Andre Allen (Rock) is a movie star. He transitioned from being a top stand-up act years ago and he is now famous for the role of Hammy The Bear, a violent, machine-gun-wielding, catch-phrase-spouting, cop in a bear-suit. He is also moving into the final phase of a reality show wedding with Erica Long (Gabrielle Union). The film opens with Allen doing media for the opening of his new movie, a serious one this time, called Uprize. He is playing Dutty Boukman one of the leading figures of the Haitian Slave revolt of 1791. Allen is anxious, he wants his movie to succeed, but people in his entourage tell him not to expect too much. Worse still, wherever he goes, fans want to know when the next Hammy picture is coming. And worse than that, some fans want to know when he is going to do stand-up comedy again.
Andre is being pestered for an interview by a writer from The New York Times called Chelsea Brown (Rosario Dawson). He finally agrees to it because another Times writer called James Nielson writes a scathing review of Uprize. Nielson has continually reviewed Allen’s work negatively. Allen hopes that Chelsea Brown is his way to get a positive story in the New York Times. However, Chelsea turns out to be a strong interviewer who has a thorough knowledge of Allen’s work and in her opinion he has been stagnating. She is unimpressed with his new stuff and yet it is seems the two of them have some kind of a mutual attraction.
So they banter and spar in a Hollywood manner for a couple of scenes, until they are both forced to put their cards on the table. Chelsea agrees to ask only non-clichéd questions and Andre agrees to answer them with complete honesty. She tags along on Andre’s day in New York, which includes public appearances, a stint on radio, jewellery shopping for the wedding and a visit with his family. She gets to know more about Andre and he gets to know more about her.
Chris Rock’s Andre Allen is clearly based on his own experiences in show business, however he is unlike Allen in that he hasn’t gone through a “Hammy the Bear” phase. Allen’s questionable choices of film projects resemble the career trajectory of movie star comedians like Eddie Murphy and Adam Sandler. Rock himself is more like Dave Chappelle or Louis CK, in that he crafts film and television projects of quality and still maintains his roots in stand-up comedy by continuing to tour live.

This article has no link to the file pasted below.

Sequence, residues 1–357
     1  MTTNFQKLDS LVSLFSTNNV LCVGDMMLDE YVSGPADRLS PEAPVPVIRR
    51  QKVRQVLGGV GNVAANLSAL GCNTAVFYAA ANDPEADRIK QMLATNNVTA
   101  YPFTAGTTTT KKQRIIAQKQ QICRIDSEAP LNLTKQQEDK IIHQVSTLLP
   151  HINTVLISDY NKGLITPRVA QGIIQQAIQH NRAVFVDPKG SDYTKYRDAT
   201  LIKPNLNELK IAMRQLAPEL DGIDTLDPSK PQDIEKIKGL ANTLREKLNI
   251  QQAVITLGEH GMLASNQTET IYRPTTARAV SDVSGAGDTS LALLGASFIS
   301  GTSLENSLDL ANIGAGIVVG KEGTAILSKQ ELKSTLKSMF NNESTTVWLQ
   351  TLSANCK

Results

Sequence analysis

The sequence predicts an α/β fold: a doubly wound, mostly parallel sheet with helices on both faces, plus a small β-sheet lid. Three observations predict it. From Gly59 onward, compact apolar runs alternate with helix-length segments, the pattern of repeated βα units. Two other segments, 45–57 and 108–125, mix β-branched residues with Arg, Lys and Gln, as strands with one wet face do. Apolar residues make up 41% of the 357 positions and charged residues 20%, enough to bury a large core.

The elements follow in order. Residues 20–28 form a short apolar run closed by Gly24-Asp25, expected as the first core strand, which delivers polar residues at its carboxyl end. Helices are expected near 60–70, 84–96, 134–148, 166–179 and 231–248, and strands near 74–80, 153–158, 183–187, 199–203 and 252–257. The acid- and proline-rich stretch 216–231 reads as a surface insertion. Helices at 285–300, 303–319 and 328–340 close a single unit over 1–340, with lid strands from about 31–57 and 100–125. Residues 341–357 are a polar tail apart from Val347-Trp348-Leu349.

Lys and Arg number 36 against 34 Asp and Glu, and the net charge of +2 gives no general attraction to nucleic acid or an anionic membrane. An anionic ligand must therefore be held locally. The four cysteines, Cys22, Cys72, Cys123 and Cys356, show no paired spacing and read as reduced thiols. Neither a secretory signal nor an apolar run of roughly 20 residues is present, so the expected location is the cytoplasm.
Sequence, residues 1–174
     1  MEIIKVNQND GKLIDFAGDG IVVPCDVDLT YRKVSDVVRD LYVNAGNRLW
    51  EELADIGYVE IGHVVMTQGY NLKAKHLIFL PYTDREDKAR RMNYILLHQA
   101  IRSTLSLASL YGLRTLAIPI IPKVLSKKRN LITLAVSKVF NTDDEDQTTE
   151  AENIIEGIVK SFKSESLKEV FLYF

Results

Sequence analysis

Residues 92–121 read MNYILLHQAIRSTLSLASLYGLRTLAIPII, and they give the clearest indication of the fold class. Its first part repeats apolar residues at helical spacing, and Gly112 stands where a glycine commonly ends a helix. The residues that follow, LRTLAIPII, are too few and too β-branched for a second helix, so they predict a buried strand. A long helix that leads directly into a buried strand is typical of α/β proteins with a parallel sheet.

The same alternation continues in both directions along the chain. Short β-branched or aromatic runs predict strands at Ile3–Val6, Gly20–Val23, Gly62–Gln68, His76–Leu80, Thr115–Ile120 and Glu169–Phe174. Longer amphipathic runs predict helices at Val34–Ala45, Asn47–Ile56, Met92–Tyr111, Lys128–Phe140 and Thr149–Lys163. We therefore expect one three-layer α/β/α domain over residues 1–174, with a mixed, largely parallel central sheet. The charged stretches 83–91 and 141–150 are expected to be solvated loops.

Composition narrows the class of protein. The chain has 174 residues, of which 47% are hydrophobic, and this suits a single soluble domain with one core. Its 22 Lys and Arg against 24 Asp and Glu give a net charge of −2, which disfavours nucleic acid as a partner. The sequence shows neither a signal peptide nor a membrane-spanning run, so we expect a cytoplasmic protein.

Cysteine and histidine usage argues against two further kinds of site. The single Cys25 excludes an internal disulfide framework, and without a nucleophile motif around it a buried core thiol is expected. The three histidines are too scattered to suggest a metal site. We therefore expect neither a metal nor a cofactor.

Rock also takes the opportunity to cast a comprehensive roster of African American talents in everything from cameos like Taraji P Henson, Gabourney Sidibe playing themselves, through to Romany Malco, Cedric the Entertainer and JB Smoove in supporting roles. Rock’s decision to direct himself in the lead role works. Acting hasn’t come as naturally to Rock as some of his fellow comedians. Here he is the most relaxed he has ever seemed, playing a character who is a lot like himself.
TOP FIVE is a comedy with a little romance thrown into the mix. The fly-on-the-wall approach allows Rock as star, writer and director to show us his view of the world and of show business in particular; therefore many of the scenes ring with the truth of an insider’s observations. Some scenes are straight up funny; others are a blend of goofy and intellectual moments. Rock is on record as saying he feels many film comedies aren’t crafted and that their “architecture is poor”. He cannot be accused of this with this movie.
The movie is a briskly entertaining 102 minute comedy about American show business. It’s about quality versus making a fast buck. It’s also about breaking new ground versus repeating yourself. And it’s also about men and women and poverty and wealth and race in Obama’s America, folks. Rock gets the laughs while touching on an ambitious list of issues that he finds interesting. In some ways he has drawn a coherent story out of the material of his stand-up act and kept the comedy intact. No mean feat. TOP Five is in wide release in Australian cinemas now. The title refers to one’s list of top five rappers. Start formulating yours now. (6/10)